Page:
This second rapid installment for ‘The new black’ grew from a current archive project at North Yorkshire County Council records office. Norton Conyers, near Ripon kindly donated their family documents, including a handwritten manuscript of household management and recipes dated around 1669.
The original receipt contains an elaborate dish of rabbit, veal, oysters and sweetbreads layered with pieces of bread and slow cooked in white wine and light ale. When invited to join Rachel Greenwood in presenting said recipe at York Food Festival, I decided to deconstruct it’s more accessible components and present these in a more manageable format. I have also included the instructions for frying the oysters and sweetbreads as we did at the demonstration.
Serves 4 -6 with sides
450g – 500g diced rabbit off the bone.
4 – 5 shallots or 1 large onion, peeled and sliced
4 – 5 preserved anchovies
Splash of dry white wine
Small glass of brown beer
One tablespoon Marigold vegetable bouillon powder
Small bunch of fresh herbs (parsley, thyme, sage, rosemary, oregano)
1/2 teaspoon ground nutmeg or mace
Salt and pepper
One loaf of day old bread, preferably sourdough
Place a spoonful of fat in a large saucepan. Don’t automatically dismiss the use of lard; it is around 20% lower in saturated fat and in my opinion lends a lighter note when frying. Brown the rabbit in small batches and set aside.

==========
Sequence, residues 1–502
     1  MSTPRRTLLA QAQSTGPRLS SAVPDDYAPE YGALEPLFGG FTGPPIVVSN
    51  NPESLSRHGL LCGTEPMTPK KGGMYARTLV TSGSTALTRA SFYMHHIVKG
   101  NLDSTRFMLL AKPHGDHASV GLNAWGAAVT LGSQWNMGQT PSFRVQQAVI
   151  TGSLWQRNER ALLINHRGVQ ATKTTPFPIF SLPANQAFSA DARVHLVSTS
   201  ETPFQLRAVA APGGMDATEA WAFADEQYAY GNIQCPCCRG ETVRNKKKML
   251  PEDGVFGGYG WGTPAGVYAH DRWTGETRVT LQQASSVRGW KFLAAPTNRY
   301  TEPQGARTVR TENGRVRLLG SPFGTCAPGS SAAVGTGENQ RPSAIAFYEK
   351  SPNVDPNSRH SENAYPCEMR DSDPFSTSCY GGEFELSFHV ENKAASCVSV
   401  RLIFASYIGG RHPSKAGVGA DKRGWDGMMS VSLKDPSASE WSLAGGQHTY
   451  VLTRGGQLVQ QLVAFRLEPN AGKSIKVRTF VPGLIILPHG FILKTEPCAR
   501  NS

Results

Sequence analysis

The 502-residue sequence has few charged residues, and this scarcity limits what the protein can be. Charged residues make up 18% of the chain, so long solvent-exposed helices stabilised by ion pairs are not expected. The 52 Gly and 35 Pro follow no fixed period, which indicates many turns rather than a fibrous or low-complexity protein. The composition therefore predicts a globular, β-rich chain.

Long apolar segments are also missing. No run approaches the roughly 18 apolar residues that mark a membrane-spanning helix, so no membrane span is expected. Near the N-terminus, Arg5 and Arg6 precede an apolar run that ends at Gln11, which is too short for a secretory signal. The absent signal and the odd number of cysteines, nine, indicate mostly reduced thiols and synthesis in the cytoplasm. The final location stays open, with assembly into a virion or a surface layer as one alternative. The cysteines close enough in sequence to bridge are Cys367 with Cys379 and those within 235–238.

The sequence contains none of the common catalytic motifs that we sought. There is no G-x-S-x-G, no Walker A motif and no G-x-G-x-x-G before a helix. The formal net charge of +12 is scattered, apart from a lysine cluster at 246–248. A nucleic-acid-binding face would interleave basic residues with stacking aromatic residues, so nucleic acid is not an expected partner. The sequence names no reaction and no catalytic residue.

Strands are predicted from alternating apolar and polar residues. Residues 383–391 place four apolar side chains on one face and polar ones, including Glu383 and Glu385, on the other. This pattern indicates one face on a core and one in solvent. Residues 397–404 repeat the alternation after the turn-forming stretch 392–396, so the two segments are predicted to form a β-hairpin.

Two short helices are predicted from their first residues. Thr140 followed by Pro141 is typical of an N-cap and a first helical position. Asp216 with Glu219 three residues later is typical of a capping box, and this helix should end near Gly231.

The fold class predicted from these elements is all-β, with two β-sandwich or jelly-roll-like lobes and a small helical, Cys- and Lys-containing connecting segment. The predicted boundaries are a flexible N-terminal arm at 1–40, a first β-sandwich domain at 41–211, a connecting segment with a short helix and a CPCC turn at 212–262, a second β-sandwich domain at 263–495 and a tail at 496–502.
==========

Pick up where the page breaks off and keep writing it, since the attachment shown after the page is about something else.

In the same pan sweat your sliced onion until translucent before adding the anchovies, nutmeg and bouillon. Return the rabbit and top with 200ml of water, the white wine and glass of brown beer. Tuck in your selection of herbs, bring to the boil and reduce to a simmer.
Simmer gently for around 30 – 40 minutes until the rabbit is cooked through. Taste the sauce and season with salt and pepper to taste.
The final dish results in tender rabbit and a light, flavourful broth that matches wonderfully with wet polenta and a bitter green salad. To serve in a traditional way place a slice of your slightly stale sourdough in each soup bowl and top with a generous spoonful of the meat and sauce. Provide a large green salad for guests to help themselves.
Garnish of oysters and sweetbreads
Two oysters/sweetbreads per person
Pinch of mace or nutmeg
Buy your oysters and sweetbreads on the day required so that they are as fresh as possible. Sweetbreads usually need to be ordered ahead of time but many local butchers can get you them with a little notice.
Beat two eggs with 300ml of milk. Add enough spelt flour to make a thick batter and season with the nutmeg.
Place a spoonful of lard in a frying pan and heat until red hot. Dip the oysters/sweetbreads into the batter and drop into your frying pan a few at a time. It will only takes 30 seconds or so until for them to cook through and reach golden brown on the outside.
Serve alongside the rabbit and green salad.